Sheena Sood on a new ruling that offers key guidance on the building liability orders created under the Building Safety Act

The Technology and Construction Court recently delivered a judgment concerning a Part 20 claim for a building liability order (BLO) under the Building Safety Act 2022 (BSA).

Sheena Sood low res

Willmott Dixon vs Prater & Others concerns allegations of unsafe or defective materials used in the design and construction of a mixed-use development. As is common in cladding claims, a multi-party claim has been brought. The defendants include the specialist envelope subcontractor and its guarantor, Prater Ltd (Prater) and Lindner Exteriors Holding Ltd (Lindner), the building services engineer, Aecom Infrastructure & Environment UK Ltd (Aecom), the architect, Sheppard Robson, and the approved inspector, AIS Surveyors Ltd. My firm is acting for Aecom.

Following intimation of the main claim, Prater and the Lindner Group underwent corporate restructuring. On behalf of Aecom, we issued an additional claim for BLOs against four Lindner Group companies, three of those based in Germany and one in the UK: none of these companies were involved in the project.

The Lindner Group companies asserted that the BLO claim should be heard separately from the main claim and stayed for various reasons, including proportionality of costs. They argued that the additional claim was contingent upon certain findings in the main claim, including whether it was “just and equitable” to make a BLO in the circumstances. If ordered, BLOs would make the Lindner Group companies responsible for any liability attributed to Prater or Lindner in the main claim.

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Aecom disagreed, given the inextricable overlap between the claims, and so it had proposed synchronising the proceedings. This would ensure the decision was binding on the additional parties and help avoid duplicative litigation. In Aecom’s view, a stay of the BLO claim would create unnecessary delay and uncertainty.

In rejecting the Lindner application, Mrs Justice Jefford referred to BLOs as being “new territory”. There was little, if any, guidance on the principles relating to BLOs and the “just and equitable” test. The purpose of BLOs is to ensure that the party to whom a liability is owed can ultimately recover monies regarding that liability. The judge noted that it was incorrect to state that a BLO may only be made where the company facing the underlying claim failed to satisfy a judgment. Further, regarding the “just and equitable” test, it may not be necessary to show some bad faith concerning the defendants’ financial positions.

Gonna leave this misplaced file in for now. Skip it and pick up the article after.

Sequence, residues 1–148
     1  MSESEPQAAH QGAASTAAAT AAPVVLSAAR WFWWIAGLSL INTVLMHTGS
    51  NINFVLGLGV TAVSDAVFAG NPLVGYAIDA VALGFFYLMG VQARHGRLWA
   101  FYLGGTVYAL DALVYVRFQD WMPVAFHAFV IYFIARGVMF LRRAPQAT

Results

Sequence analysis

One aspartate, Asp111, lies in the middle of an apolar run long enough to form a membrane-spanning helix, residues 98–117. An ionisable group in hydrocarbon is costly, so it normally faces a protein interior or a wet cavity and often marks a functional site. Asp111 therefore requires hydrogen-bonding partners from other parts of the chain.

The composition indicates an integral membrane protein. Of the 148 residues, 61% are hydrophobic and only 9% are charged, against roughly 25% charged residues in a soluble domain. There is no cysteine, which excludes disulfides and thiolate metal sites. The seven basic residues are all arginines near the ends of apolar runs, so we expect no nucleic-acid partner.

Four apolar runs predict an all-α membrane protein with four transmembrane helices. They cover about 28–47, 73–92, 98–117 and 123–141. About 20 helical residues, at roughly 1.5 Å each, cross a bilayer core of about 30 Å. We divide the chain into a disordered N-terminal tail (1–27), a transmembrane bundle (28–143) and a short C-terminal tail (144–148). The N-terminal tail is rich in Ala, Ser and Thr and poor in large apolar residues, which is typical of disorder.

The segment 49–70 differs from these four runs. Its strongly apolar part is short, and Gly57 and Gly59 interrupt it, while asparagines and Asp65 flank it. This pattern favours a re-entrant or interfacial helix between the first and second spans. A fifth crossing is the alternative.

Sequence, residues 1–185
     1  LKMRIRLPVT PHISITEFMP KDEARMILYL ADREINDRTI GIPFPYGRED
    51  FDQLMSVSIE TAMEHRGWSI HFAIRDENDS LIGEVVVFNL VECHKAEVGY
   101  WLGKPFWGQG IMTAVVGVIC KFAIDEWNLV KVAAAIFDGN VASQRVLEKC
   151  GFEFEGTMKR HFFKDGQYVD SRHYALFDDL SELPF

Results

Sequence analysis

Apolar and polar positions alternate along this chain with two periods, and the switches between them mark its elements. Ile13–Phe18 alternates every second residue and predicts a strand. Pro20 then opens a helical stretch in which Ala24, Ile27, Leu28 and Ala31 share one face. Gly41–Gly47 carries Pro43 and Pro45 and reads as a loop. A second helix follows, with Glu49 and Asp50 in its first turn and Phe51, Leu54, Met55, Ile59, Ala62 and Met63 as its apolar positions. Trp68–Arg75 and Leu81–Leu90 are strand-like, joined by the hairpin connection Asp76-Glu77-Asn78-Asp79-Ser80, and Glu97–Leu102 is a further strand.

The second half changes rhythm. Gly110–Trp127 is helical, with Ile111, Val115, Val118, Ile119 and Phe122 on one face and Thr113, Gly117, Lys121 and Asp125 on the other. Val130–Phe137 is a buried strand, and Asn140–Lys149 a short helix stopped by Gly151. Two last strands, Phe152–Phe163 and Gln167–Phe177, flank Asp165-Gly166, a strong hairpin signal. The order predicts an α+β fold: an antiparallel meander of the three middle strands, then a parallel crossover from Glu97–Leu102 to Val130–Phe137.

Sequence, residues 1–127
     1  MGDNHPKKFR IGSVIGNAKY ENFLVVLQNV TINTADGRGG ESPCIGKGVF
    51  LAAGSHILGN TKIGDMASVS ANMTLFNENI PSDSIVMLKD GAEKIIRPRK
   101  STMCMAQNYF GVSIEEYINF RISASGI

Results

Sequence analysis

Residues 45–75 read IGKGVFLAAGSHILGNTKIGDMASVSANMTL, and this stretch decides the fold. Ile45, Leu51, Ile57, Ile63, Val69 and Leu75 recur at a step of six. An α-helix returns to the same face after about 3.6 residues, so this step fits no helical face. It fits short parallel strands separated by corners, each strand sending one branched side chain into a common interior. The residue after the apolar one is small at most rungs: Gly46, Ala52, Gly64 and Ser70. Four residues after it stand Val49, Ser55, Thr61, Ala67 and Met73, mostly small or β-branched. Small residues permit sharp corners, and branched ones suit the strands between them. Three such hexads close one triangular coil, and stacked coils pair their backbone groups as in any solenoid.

Justice Jefford commented that the BSA does not require the additional party from which a BLO is sought to be party to the main claim or those proceedings. Such a party may not even have existed at the time of the project or the time of the proceedings. However, if the additional party did exist at the time, and the BLO was claimed before resolution of the main claim, then it would generally be sensible for matters in the main and additional claim to progress together.

Building liability orders broaden potential liability exposure for parties for past and future projects – associated companies, which were not directly involved [and] may not even have existed at the time could be held jointly and severally liable

The BSA assumes the additional company cannot challenge a liability finding against the original company. However, this would not prevent valid arguments concerning the “just and equitable” test, and these would be better managed where the additional company is party to the proceedings. BLO claims could raise different points from the main claim; however, resolving such issues would typically involve consideration of much of the same evidence. It would therefore be unsatisfactory for the court to consider those issues or evidence already on record more than once.

Justice Jefford also disagreed with the applicants’ submissions on likely costs incurred, since this could be handled by appropriate case/cost management. Further, the evidence relating to the BLO would be relatively narrow.

The judge therefore dismissed the application and set future directions. The applicants were ordered to pay Aecom its awarded costs.

While this was an interim application for a stay, the judgment provides some insight into how BLOs may be treated by the courts (including by reference to live underlying proceedings). This is useful for parties considering or responding to BLOs. We understand this is also the first reported case on BLOs and it is one where a defendant party, claiming contribution against co-defendants, is seeking a BLO against companies associated with those defendants.

A BLO may be imposed if certain criteria are met, including if it is “just and equitable”. The BSA does not prescribe the specific factors that a court must contemplate, so courts will probably consider the policy behind the BSA, and the evidence before it, in making future determinations.

BLOs broaden potential liability exposure for parties for past and future projects – associated companies, which were not directly involved in the original project, may not have existed at the time and may not be in the same jurisdiction, could be held jointly and severally liable. The “corporate veil” could be well and truly pierced if there are grounds for a BLO.

  • Sheena Sood and Nicholas Smith of Beale & Company Solicitors and Sean Brannigan KC and Thomas Crangle of 4 Pump Court, represented the successful party, Aecom, in this case.  

Sheena Sood is the senior partner of Beale & Co; she was assisted by Kayleigh Rhodes in the writing of this article